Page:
238. Telegram From the Embassy in France to the Department of State1

14620. Subject: IMF Report on International Monetary Reform. Pass Treasury for Secretary Shultz.

The Director of the French Treasury has asked us to transmit a personal letter from Finance Minister Giscard d’Estaing to Secretary Shultz regarding the report of the IMF Executive Board on International Monetary Reform. An Embassy translation of letter follows. French text being forwarded by air pouch to Treasury/OASIA.2
“Dear Mr. Secretary. The Executive Board of the International Monetary Fund is now completing the report it was asked to prepare on reform of the international monetary system. This is the culmination of a lengthy project begun last spring on the basis of a text which, in accordance with normal procedures, the Fund staff prepared. The initial text has been substantially modified during numerous discussions of the Executive Board, in which the Directors designated by the United States and France played an active part.
No one considers the result of this work completely satisfactory. It could not be otherwise considering the difficulty of the subject and the varying conceptions of the member countries. Moreover, we are still [Page 645] beginning the process of study and reconciliation of ideas to be undertaken by the Group of Twenty, the organ we have created specifically for this purpose.
I note, however, that the imperfections of the report, particularly the fact that it poses numerous problems without resolving them and does not exclude a priori and feasible reform of the international monetary system, make it nearly acceptable to everyone. In certain respects, this preserves the possibility of a subsequent agreement on the modalities of reform.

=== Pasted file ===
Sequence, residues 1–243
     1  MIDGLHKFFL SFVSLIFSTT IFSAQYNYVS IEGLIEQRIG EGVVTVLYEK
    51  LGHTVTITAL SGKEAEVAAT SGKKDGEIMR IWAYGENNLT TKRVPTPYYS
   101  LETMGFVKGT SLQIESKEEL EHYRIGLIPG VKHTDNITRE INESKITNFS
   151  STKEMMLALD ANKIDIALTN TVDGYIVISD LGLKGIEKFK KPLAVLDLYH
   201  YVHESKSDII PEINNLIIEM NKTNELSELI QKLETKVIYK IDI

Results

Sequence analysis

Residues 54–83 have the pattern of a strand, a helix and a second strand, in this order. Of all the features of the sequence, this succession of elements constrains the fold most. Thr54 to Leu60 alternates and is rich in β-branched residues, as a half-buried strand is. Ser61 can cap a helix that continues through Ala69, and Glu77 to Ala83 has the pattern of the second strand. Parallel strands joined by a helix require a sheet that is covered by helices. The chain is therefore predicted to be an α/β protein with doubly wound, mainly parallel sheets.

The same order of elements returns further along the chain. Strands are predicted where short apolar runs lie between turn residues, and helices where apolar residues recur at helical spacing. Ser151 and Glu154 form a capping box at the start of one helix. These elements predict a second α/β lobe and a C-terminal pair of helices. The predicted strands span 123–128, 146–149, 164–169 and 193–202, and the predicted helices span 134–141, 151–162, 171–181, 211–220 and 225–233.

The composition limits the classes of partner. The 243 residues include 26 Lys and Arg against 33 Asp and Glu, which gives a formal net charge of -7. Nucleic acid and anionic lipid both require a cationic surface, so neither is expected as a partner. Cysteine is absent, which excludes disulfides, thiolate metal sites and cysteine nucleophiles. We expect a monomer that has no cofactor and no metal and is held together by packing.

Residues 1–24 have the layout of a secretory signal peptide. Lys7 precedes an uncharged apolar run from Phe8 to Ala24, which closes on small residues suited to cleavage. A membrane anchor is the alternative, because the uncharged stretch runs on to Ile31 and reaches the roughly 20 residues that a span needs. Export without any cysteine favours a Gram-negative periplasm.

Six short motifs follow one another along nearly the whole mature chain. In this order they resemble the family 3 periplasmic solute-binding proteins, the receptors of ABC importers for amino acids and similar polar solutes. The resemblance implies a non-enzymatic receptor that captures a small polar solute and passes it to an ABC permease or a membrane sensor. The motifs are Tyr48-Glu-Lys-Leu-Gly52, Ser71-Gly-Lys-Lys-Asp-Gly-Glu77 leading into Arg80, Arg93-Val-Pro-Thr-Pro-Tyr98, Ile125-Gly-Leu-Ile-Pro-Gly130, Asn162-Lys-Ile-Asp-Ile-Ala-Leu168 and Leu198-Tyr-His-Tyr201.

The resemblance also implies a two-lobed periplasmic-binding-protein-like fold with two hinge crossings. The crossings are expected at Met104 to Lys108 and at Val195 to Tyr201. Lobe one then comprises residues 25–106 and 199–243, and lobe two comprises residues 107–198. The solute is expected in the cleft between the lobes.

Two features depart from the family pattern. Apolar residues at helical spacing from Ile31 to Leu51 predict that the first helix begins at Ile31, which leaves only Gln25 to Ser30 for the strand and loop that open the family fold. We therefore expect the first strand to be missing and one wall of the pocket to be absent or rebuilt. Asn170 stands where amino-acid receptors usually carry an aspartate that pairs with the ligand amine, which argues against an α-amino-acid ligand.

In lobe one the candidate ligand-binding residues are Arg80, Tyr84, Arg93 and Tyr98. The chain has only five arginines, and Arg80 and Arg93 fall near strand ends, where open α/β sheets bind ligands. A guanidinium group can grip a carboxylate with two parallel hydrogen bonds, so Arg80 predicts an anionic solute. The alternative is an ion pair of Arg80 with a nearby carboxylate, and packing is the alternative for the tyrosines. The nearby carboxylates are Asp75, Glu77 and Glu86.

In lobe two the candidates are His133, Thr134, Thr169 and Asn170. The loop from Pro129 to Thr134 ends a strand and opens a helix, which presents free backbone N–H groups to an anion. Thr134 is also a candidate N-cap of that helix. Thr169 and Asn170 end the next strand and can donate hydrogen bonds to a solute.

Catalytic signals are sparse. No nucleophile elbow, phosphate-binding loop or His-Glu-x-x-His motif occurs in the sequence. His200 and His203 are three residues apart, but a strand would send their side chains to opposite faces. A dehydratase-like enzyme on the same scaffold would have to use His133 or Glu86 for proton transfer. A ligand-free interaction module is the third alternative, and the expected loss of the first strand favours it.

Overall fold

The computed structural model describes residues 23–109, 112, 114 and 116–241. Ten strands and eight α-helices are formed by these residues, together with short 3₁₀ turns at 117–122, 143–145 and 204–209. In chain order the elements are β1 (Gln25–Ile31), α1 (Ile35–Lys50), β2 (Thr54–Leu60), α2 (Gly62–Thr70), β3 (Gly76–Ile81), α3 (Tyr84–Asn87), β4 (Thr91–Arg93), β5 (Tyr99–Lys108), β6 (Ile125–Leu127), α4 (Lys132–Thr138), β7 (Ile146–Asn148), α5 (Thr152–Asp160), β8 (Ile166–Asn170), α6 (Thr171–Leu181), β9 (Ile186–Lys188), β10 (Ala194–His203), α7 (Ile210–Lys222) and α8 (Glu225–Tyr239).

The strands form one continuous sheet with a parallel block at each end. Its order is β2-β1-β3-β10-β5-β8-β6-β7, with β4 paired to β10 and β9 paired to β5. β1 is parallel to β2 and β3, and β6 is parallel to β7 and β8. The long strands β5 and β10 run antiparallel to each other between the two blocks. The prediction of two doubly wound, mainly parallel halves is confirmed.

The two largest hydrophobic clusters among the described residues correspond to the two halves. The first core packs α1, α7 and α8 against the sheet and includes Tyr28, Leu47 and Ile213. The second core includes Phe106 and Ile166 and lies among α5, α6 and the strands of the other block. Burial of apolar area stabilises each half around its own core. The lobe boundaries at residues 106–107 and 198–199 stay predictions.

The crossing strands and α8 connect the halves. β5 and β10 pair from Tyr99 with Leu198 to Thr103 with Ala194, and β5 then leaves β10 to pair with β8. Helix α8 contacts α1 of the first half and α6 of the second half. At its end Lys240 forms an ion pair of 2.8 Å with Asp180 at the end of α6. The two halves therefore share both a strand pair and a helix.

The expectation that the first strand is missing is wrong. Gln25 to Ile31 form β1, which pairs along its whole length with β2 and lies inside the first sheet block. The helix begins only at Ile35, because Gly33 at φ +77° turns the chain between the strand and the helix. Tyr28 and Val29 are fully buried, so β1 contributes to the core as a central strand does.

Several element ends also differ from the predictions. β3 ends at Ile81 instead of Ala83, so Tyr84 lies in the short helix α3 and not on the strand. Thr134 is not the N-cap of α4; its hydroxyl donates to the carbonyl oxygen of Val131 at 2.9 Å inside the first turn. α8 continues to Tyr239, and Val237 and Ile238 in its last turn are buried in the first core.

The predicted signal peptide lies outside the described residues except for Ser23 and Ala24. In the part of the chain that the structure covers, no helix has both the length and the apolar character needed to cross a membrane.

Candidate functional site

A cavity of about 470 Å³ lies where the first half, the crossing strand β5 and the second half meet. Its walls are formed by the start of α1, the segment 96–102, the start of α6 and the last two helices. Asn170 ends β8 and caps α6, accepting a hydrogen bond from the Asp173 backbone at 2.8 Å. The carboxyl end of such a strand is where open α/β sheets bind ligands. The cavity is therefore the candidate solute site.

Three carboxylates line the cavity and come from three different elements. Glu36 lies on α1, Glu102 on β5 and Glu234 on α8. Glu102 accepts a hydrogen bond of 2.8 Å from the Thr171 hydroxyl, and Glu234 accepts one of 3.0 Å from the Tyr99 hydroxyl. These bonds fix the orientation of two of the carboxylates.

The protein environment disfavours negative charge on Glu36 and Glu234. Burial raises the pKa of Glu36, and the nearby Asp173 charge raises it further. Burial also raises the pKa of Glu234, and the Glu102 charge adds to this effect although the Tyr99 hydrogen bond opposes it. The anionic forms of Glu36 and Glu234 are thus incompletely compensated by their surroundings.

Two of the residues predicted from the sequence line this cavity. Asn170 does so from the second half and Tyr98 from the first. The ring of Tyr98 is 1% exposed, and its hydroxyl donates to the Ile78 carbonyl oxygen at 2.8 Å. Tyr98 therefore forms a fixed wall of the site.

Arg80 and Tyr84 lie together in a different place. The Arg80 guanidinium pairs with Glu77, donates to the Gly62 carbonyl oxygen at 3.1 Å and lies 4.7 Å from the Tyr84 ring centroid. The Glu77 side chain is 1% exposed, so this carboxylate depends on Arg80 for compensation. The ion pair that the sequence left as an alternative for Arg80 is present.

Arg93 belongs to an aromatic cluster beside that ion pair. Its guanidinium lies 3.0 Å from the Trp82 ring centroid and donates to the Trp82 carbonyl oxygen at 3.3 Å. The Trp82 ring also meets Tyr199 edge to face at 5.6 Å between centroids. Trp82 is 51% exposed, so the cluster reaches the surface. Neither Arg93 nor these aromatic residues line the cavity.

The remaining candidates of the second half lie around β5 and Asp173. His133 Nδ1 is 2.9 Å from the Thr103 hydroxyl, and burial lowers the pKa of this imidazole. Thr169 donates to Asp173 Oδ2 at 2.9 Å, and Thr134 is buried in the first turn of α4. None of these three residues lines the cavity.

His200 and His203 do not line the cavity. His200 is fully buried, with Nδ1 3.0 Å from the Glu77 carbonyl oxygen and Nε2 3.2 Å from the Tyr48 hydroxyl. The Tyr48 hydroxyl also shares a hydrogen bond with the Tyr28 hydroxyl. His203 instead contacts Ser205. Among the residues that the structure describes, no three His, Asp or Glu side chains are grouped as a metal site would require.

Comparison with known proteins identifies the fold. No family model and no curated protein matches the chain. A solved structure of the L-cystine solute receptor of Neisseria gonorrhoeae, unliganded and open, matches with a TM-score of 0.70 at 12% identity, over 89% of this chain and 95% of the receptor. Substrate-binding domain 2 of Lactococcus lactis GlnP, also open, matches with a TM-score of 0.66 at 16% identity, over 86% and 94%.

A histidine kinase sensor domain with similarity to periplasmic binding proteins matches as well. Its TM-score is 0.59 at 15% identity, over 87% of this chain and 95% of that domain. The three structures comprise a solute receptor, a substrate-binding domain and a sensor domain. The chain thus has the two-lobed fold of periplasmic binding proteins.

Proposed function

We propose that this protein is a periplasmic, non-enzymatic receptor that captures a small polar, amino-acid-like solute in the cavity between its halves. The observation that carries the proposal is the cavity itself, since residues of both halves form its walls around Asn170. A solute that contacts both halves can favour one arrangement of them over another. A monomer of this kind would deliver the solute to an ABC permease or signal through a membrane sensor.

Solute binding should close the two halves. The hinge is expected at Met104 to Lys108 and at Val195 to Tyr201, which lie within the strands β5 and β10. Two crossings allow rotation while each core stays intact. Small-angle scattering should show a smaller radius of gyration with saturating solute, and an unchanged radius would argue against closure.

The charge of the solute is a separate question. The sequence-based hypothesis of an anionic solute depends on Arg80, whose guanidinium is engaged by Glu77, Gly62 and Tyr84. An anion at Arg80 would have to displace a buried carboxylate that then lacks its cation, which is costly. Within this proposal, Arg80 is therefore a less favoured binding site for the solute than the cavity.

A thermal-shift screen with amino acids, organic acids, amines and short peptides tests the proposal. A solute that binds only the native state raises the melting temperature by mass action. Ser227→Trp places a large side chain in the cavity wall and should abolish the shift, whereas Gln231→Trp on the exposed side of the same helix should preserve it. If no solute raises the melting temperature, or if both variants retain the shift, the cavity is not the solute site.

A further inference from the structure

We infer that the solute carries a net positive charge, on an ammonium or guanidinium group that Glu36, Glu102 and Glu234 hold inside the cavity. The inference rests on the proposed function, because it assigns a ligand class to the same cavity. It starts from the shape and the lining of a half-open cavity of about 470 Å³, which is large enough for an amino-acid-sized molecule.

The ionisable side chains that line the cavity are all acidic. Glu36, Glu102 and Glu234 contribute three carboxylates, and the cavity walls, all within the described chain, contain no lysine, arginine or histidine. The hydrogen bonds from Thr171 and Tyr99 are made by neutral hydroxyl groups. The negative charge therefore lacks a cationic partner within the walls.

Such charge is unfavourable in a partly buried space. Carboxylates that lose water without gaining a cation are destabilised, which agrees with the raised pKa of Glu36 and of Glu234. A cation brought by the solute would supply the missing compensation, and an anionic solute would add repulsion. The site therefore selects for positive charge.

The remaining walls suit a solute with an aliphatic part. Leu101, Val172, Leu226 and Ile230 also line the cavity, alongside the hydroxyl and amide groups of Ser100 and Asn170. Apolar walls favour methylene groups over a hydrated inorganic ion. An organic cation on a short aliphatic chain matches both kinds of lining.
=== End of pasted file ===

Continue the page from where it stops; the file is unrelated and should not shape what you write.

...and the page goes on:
I am informed that, at the end of last week, the Executive Director nominated by the United States proposed to introduce numerous additions to each of the five chapters of the report, on which the Board had virtually reached agreement. These belated proposals, which very naturally reflected the views of your government, jeopardized the equilibrium which until then had been preserved among conflicting views. For this reason, they threatened the whole project. In any case, the French Executive Director could not approve a report which included both the present text and the numerous paragraphs proposed by your Executive Director.
I understand, of course, that it is completely normal for the United States to take a position on international monetary reform. In fact, I would say it is desirable for your colleagues to be better informed on this point than they have been until now. But, insertions in the document being discussed at the Fund are not the appropriate means to do so and, in my view, these insertions have been introduced at a time when they cannot validly be considered.
In addition, I fear that difficulties at this stage would be badly interpreted by the general public and thus would risk compromising recent efforts undertaken on various sides to bring more order to exchange markets. Neither would they represent an encouraging introduction to the work of the Group of Twenty.
I strongly hope that you will give the present message all the importance it merits and that you will reconsider the means at your disposal to make your positions on international monetary problems known. Let me add that I am looking forward to meeting you in Washington at the end of September under circumstances which will allow us to lay out and discuss these problems at a suitable level within reasonable bounds. Sincerely yours, Valery Giscard d’Estaing.”
  1. Source: National Archives, RG 59, Central Files 1970-73, FN 10. Confidential; Immediate; Limdis; Greenback.
  2. Not found.